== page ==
A research team based at the University of Bristol has played a leading role in developing new and more efficient ways to power electronic devices. Led by Professor Martin Kuball of the University’s School of Physics, the scientific breakthrough is the result of a coordinated two-pronged approach: first, to identify new semiconductor materials that control electric currents and, second, to introduce accurate remote measurement of the electronic fields they produce.
The results should lead to electronic devices being faster, more reliable and significantly less power hungry which will represent another major step towards creating a carbon neutral society.
Even the experts admit that, historically, semiconductor design has been a mixture of trial and error, using imprecise simulations to estimate how materials respond when the electronic device they are in is in use. The new techniques devised by Professor Kuball and his team provide certainty and precise data on how semiconductors perform. This will eventually make them more efficient and reliable, leading to a longer life when installed in, say, a laptop or other device in common use.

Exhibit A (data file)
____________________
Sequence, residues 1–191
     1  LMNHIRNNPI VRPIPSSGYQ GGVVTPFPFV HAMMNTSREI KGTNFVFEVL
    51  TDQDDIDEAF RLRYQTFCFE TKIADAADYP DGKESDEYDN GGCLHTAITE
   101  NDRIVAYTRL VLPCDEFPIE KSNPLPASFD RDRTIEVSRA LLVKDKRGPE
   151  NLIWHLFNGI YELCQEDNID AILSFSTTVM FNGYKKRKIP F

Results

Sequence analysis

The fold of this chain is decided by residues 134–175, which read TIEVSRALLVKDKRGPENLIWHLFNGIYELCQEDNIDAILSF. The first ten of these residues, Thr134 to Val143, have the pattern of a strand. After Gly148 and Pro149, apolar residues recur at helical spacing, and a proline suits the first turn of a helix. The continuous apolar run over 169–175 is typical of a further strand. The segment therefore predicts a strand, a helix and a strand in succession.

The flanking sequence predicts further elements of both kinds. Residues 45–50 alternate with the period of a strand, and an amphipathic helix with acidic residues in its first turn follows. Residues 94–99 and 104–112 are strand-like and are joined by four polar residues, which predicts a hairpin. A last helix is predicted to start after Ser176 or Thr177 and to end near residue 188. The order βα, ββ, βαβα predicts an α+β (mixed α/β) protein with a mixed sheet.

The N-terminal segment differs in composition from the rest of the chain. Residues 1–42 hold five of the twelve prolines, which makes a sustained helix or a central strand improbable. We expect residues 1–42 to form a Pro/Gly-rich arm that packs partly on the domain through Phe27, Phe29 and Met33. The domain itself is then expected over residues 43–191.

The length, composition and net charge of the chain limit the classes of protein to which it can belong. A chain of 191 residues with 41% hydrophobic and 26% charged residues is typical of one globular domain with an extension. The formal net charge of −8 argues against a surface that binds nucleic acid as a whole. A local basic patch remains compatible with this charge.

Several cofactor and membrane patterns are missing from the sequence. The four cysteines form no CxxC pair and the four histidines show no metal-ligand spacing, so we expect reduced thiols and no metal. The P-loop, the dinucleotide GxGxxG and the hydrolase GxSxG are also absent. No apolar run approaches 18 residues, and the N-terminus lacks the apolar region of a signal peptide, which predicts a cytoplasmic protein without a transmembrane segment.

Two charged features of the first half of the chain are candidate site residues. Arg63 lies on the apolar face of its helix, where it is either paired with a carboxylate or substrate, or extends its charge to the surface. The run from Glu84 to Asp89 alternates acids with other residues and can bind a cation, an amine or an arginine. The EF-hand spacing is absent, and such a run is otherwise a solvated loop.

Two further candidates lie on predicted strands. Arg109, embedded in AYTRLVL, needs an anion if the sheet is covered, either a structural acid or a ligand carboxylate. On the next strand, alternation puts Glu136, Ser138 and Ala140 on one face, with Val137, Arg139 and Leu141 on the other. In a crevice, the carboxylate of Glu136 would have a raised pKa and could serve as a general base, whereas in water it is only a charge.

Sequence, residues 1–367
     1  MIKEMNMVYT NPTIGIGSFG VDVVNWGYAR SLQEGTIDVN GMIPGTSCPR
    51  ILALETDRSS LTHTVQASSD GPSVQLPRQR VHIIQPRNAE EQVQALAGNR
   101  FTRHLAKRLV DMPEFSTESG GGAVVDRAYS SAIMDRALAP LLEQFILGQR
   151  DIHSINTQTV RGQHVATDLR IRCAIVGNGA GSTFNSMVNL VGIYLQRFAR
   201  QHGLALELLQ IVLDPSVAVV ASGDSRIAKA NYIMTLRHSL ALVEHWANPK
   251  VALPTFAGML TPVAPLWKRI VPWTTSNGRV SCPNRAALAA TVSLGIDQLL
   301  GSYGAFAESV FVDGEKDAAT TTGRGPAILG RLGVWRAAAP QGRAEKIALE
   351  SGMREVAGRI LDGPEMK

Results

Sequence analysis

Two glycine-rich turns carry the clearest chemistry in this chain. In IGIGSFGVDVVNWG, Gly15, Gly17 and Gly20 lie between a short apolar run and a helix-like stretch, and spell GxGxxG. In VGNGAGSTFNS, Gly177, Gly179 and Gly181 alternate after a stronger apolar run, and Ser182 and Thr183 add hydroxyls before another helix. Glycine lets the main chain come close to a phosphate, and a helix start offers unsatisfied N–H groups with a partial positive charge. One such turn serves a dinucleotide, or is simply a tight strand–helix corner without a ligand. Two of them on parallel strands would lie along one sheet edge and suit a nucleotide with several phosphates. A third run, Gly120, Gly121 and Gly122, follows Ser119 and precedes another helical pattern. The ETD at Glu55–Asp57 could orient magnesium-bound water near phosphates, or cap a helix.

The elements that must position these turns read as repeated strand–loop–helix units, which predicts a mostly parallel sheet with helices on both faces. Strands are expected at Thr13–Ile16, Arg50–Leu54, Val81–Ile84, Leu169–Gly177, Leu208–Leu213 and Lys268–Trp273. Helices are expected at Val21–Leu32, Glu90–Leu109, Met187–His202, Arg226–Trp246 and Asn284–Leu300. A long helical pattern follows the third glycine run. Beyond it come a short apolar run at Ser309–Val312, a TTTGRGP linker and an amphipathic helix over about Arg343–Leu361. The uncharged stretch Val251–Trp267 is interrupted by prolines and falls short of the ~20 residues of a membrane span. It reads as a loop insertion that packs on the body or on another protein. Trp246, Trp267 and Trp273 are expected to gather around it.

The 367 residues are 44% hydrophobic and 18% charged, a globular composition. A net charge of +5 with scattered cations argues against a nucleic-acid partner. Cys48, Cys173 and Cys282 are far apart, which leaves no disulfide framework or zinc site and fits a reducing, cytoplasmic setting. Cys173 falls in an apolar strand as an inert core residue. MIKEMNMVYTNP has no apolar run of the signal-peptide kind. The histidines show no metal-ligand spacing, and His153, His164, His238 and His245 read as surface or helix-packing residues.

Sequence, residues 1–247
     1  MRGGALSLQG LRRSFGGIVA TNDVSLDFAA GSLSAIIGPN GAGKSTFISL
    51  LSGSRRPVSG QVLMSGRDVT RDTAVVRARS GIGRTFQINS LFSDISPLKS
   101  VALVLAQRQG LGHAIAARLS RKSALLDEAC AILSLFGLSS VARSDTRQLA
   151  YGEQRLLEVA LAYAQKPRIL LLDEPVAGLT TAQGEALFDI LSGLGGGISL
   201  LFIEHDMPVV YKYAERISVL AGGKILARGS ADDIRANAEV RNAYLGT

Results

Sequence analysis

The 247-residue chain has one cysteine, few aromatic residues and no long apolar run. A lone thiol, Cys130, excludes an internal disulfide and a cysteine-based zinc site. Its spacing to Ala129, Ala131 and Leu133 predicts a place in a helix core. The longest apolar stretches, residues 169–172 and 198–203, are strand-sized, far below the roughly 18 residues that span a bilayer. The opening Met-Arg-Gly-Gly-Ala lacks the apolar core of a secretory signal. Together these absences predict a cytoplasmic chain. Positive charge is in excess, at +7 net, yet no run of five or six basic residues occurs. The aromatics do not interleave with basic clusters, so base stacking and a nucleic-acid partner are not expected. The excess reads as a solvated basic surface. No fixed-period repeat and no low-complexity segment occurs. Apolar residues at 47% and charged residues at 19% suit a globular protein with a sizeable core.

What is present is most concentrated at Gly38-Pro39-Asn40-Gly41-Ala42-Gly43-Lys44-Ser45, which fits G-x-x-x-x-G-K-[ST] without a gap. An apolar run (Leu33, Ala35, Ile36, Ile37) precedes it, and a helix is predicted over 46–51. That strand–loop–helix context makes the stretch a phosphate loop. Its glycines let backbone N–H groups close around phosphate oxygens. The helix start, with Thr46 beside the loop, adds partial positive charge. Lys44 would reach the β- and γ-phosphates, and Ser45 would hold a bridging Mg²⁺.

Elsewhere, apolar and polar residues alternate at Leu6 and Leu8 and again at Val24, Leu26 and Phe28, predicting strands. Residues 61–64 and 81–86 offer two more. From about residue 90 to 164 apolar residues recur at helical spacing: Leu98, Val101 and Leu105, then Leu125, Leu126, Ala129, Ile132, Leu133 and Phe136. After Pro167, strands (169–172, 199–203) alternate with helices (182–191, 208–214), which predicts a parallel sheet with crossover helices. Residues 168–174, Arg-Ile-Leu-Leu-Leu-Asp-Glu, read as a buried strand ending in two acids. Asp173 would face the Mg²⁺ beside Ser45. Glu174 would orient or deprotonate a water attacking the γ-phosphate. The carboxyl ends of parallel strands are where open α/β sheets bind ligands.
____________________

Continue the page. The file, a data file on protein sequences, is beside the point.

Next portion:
The precise measuring ability can also be used to “underpin future efficient power electronics in applications such as solar or wind turbine stations feeding into the National Grid, as well as in electric cars, trains and planes.”
The research team has emphasised the importance of using new materials, such as gallium nitride and gallium oxide rather than silicon, because they allow circuits to operate at higher frequency and at higher voltages. This will pave the way for the development of new kinds of circuits that reduce energy loss which, in turn, will mean that societies will not need to generate so much energy in the first place.
The next step will involve working with industry and other academics to bring the new technology to the commercial marketplace. To this end, the team has already confirmed that it will be working with partners in the $12m US Department of Energy ULTRA centre.
The success of such cutting-edge science is in everyone’s interests, but it is especially encouraging to see that the UK is once again leading from the front of the pack. In the common interest, we should be generous in sharing our technology with others. However, this country does have a history of allowing others to hijack and capitalise on our success – this time, let’s try to ensure some of the rewards remain at home.